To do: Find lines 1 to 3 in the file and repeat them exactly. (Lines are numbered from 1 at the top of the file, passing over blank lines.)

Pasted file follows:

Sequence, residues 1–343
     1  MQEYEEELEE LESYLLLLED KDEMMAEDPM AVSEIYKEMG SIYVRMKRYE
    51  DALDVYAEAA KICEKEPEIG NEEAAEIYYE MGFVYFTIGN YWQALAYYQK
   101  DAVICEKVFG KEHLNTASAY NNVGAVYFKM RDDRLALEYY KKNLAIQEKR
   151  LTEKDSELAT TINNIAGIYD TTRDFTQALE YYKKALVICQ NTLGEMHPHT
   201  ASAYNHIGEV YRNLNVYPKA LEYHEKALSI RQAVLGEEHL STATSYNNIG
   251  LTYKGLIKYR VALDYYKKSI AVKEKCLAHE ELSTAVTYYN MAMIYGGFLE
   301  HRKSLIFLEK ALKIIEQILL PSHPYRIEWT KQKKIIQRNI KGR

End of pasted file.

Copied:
Sequence, residues 1–343
     1  MQEYEEELEE LESYLLLLED KDEMMAEDPM AVSEIYKEMG SIYVRMKRYE
    51  DALDVYAEAA KICEKEPEIG NEEAAEIYYE MGFVYFTIGN YWQALAYYQK